Mumbai teenager Pranav scores 1,009 runs in 323 balls!

Don't rub your eyes or pinch yourself. It is true, the four-figure mark has been breached. Mumbai teenager Pranav Dhanawade on Tuesday scripted history by becoming the first batsman ever to notch up a four-figure score by smashing an unbeaten knock of 1,009 in an inter-school tournament here.

The 15-year-old, playing for the K. C. Gandhi Higher Secondary School, reached the gigantic score in just 323 deliveries with a jaw-dropping strike rate of 312.38.   -  Special Arrangement

The final scoreboard showing Pranav Dhanawade's score.   -  Prashant Nakwe

Don't rub your eyes or pinch yourself. It is true, the four-figure mark has been breached.

Mumbai teenager Pranav Dhanawade on Tuesday scripted history by becoming the first batsman ever to notch up a four-figure score by smashing an unbeaten knock of 1,009 in an inter-school tournament here.





The 15-year-old, playing for the K. C. Gandhi Higher Secondary School, reached the gigantic score in just 323 deliveries with a jaw-dropping strike rate of 312.38 in the game against Arya Gurukul in the Bhandari Cup inter-school tournament organised by the Mumbai Cricket Association (MCA).

Pranav’s knock, lasting 395 minutes, consisted of a staggering 59 sixes and 129 fours. His team declared the innings at 1,465 for three. The batsman broke a 116-year-old cricketing record after surpassing 652 on Monday, thus taking over the distinction of the “highest individual scorer” (including minor cricket) from A. E. J. Collins. Collins held the record since 1899 when he struck an unbeaten 628 for Clark House against North Town House in the United Kingdom.

On Monday, the teenager also crossed Prithvi Shaw’s innings of 546 scored two years ago in a Harris Shield match, an innings that had previously been the highest individual score in any form of cricket in India.

'Ranji Trophy next target'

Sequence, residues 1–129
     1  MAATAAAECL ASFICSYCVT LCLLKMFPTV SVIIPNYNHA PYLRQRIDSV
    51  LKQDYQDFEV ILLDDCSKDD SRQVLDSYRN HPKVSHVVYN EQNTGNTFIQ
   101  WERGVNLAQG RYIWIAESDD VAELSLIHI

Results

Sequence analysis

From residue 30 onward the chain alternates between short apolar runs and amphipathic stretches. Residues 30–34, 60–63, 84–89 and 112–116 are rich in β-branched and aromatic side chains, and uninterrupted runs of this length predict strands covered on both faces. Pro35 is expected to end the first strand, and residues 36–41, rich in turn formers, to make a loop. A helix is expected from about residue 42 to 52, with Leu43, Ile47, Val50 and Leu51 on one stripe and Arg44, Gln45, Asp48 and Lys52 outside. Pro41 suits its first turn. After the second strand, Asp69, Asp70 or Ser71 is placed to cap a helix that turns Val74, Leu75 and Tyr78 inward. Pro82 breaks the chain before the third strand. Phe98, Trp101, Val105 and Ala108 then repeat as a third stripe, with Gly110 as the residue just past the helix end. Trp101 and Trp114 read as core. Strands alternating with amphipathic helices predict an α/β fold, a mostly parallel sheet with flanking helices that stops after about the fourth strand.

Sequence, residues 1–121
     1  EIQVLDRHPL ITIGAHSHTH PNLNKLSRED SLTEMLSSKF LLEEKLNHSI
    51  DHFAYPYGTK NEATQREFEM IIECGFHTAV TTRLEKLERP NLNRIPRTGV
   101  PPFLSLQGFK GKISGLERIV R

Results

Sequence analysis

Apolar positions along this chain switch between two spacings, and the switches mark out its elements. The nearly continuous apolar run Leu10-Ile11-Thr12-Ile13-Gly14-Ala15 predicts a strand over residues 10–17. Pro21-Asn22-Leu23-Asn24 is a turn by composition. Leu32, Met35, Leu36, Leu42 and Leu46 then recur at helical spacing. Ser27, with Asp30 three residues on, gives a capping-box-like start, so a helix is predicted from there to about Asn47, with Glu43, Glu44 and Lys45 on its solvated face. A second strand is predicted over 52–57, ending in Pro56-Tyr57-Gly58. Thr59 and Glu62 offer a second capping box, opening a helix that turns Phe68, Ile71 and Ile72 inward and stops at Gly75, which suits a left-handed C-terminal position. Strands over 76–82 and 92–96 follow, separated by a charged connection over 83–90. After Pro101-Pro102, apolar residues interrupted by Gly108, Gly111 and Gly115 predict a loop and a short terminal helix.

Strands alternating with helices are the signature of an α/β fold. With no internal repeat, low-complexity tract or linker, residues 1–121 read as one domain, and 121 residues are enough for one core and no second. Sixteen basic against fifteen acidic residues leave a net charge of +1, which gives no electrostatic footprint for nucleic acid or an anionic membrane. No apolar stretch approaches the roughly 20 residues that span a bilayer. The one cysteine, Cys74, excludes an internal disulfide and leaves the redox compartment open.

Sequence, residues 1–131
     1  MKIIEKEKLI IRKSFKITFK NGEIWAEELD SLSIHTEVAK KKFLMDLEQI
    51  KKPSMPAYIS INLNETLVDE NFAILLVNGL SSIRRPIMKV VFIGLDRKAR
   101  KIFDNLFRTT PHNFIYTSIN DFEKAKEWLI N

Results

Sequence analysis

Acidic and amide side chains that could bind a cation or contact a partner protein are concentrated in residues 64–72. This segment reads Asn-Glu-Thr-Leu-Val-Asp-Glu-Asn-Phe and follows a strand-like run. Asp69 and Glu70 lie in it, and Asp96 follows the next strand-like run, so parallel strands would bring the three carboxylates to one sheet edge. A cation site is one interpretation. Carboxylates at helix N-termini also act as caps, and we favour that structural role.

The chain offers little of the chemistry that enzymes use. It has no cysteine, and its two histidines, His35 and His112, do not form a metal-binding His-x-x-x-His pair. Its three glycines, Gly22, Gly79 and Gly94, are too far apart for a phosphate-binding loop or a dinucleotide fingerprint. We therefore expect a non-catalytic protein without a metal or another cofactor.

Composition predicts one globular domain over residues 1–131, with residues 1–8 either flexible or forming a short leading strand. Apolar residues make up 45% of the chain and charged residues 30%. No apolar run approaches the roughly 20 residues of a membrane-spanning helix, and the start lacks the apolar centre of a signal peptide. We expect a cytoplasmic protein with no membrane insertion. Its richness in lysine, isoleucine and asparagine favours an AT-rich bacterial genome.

On Tuesday, by the time he walked in to lunch, unbeaten on 921, the crowd at the Wayle Maidan in Kalyan had become sizeable.There was also a hoard of mediapersons. While he had refrained from spelling it out to Sportstar the evening earlier, for the first time Dhanawade stated that “1000 is the next target”.

And it didn’t take him long after lunch as he reached the milestone with a straight six and the crowd roared in unison. Father Prashant, an auto-driver, who till last year used to drive his son down to the nooks and corners of the maximum city, along with coach Mobin Shaikh, burst into an impromptu dance along with Dhanawade’s teammates.

“When I went in to lunch on 921 that was the first time I thought of scoring a thousand runs. The next target now is to get into Mumbai’s Ranji Trophy squad,” Dhanawade told Sportstar later in the evening.

Praise from all quarters

India’s limited-overs skipper, Mahendra Singh Dhoni on Tuesday paid tribute to the Mumbai teenager, saying that it was not a joke to score so many runs. Speaking on the eve of India’s departure for the Australia tour, Dhoni said, “It’s not a joke to score so many runs. It is serious business in any condition and ground keeping in mind the age. It’s tremendous, it is important to improve. He must be a very special kid. I would have gotten bored. He’s calculating his batting. It is something that is very rare.”

Middle-order batsman Ajinkya Rahane also heaped praise on Dhanawade, saying that his knock was massive and hoped that he would play for India some day. “It’s a massive feat to do this. He has started well. 1009 runs take long to say it, but to achieve an individual score like this is a big achievement. I hope he plays with us someday. He should just focus on doing well,” he said.

Opponents applaud

While the Dhanawade household deserved to celebrate Pranav’s feat, one also had to spare a thought for the toddlers of the Arya Gurukul school. The mediocre opposition team conceded 1465 runs and were bundled out for 31 and 51, respectively, on either side of Dhanawade’s onslaught.

But they were far from being disheartened. “Even we went out for a snack and shared some happy memories,” said Yogesh Jagtap, a student of the school. “It was a phenomenal batting performance but I am proud of my boys. We could not field our main team in the tournament since the tournament clashed with the pre-Board exams. As a result, most of our players were from the fifth or sixth grade. I told them they would have learned more about the game over the last two days than what they would in the next five or six years.”

With inputs from Amol Karhadkar